"Yes, I remember. It's not an easy thing to do," he said, declining to reveal the specific words. "Number one, it's not your ballclub when you take it over. There's been a lot of things that you do in Spring Training to try to mold the club, try to understand what the club's like, understand the makeup of the club, what kind of team you have and the character of it. Are you a power team? Are you a hit-and-run team? Are you a team that's going to manufacture runs?

"So when you take over a ballclub in the middle of the season, you don't have that knowledge and you haven't been working with the team to try to find out what works.

"And the second, perhaps most difficult part of it is, usually the first 10 days in Spring Training, I usually have a staff come to Spring Training early. That's when you're able to spend a lot of time with your staff members. You do a lot of communication, discussions, talking about your style, my style, how you can communicate, how things filter from me down to the players and how certain things need to come back up to me from below. We had to compress all that in a matter of half a day.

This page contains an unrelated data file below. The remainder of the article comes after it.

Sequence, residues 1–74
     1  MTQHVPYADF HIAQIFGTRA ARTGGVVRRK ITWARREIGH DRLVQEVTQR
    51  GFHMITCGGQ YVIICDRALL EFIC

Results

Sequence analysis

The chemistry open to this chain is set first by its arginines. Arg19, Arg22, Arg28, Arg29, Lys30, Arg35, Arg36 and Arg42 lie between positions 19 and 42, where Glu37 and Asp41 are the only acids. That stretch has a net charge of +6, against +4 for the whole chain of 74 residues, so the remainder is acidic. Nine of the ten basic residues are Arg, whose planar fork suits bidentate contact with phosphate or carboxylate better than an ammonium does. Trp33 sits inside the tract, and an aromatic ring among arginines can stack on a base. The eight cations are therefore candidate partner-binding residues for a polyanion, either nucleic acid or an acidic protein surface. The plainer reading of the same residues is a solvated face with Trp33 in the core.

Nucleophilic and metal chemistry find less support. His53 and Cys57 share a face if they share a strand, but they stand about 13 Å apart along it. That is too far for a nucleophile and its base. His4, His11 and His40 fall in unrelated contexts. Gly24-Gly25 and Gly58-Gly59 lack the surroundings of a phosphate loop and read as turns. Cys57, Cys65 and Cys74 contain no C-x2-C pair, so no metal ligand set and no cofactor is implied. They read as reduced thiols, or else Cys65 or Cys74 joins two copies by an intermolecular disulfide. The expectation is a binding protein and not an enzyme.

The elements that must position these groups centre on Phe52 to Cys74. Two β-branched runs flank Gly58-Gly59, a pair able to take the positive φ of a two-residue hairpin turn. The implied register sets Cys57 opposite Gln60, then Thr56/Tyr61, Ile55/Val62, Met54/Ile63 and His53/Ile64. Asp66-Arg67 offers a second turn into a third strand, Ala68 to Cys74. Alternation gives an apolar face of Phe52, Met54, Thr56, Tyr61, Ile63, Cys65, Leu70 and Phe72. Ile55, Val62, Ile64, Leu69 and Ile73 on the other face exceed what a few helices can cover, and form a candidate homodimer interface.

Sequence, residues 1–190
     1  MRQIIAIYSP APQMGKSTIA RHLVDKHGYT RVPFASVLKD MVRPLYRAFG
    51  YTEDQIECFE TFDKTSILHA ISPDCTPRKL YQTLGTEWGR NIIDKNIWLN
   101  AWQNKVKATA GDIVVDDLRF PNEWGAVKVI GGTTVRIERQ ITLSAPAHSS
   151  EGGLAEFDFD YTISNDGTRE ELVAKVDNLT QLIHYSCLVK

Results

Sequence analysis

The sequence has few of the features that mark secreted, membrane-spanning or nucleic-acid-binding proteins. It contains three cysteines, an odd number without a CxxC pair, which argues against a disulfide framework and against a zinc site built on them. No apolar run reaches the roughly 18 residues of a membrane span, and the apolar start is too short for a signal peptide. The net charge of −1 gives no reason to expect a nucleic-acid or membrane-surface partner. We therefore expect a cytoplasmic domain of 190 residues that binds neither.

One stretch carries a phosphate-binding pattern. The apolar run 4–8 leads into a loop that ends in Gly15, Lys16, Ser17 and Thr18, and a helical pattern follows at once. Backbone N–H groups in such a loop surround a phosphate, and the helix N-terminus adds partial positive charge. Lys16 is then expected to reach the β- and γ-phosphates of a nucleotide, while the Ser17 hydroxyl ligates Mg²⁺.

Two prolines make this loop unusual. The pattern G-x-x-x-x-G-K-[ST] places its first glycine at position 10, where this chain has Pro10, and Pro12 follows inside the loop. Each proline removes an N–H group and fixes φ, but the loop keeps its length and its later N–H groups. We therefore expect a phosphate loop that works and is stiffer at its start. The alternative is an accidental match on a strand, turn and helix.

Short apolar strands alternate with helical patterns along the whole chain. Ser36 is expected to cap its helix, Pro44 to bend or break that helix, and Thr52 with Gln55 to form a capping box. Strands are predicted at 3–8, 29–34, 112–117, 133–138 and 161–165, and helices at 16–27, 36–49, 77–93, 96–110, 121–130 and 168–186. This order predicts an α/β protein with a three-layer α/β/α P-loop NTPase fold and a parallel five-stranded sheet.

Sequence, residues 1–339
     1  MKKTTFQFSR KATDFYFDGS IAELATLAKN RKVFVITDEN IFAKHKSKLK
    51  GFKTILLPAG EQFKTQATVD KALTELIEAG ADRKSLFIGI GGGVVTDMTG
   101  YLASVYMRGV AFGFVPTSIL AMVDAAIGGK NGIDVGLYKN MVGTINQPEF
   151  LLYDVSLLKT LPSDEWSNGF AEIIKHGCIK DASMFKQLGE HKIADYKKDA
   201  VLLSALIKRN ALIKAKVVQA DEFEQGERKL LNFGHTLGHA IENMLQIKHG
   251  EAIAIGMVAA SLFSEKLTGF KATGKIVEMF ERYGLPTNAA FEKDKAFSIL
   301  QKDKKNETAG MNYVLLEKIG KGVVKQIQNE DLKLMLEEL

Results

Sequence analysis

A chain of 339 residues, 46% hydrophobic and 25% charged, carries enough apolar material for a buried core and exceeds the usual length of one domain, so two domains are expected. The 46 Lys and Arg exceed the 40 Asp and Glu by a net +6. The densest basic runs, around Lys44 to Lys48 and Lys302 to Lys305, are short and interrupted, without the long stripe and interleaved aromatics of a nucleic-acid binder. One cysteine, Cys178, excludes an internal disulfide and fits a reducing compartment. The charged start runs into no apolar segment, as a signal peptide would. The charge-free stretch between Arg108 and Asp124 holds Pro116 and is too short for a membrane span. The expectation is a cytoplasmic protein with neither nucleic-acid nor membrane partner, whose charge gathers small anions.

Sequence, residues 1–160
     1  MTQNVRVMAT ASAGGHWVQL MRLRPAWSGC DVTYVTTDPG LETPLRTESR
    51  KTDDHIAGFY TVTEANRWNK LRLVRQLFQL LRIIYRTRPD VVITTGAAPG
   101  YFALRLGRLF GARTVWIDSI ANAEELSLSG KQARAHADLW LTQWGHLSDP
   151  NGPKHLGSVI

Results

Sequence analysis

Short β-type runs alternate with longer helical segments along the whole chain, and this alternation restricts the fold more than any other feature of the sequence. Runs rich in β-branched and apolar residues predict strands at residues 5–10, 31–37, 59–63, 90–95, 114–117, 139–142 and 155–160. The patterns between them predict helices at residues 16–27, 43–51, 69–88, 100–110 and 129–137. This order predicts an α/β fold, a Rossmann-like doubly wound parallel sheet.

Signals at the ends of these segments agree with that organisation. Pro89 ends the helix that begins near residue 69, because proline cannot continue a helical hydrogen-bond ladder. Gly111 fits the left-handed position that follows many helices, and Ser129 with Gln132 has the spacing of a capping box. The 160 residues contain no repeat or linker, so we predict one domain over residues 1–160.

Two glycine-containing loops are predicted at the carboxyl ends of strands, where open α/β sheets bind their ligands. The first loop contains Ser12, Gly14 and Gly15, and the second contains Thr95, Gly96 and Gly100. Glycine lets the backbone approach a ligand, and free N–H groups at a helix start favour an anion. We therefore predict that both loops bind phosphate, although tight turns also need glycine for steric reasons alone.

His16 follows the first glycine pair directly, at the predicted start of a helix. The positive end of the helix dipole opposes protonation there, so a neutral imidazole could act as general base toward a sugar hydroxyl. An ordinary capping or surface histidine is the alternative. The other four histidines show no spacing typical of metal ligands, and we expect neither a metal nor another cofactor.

"I have to give credit to our staff members who we brought in -- Jim Hickey, Gary Gaetti -- they had to work hard, come up to snuff real quick. They didn't have a chance to kind of ease into the positions. They had to work extremely hard. But everybody pitched in, did their part. There was no resistance for anything that I tried to do or tried to implement, and that's a good thing."

Although a little trend is emerging in the NL, Garner's counterpart in this series, Tony La Russa, said he appreciates just how difficult it is to take over a struggling club in midseason and get to this point. Did he ever do it?


"We have a mountain we have to climb when you look at the St. Louis Cardinals. We're in territory we've never been. ... I do not have a clue what the outcome of this series is going to be, but we won't fail because there's a letdown."
-- Phil Garner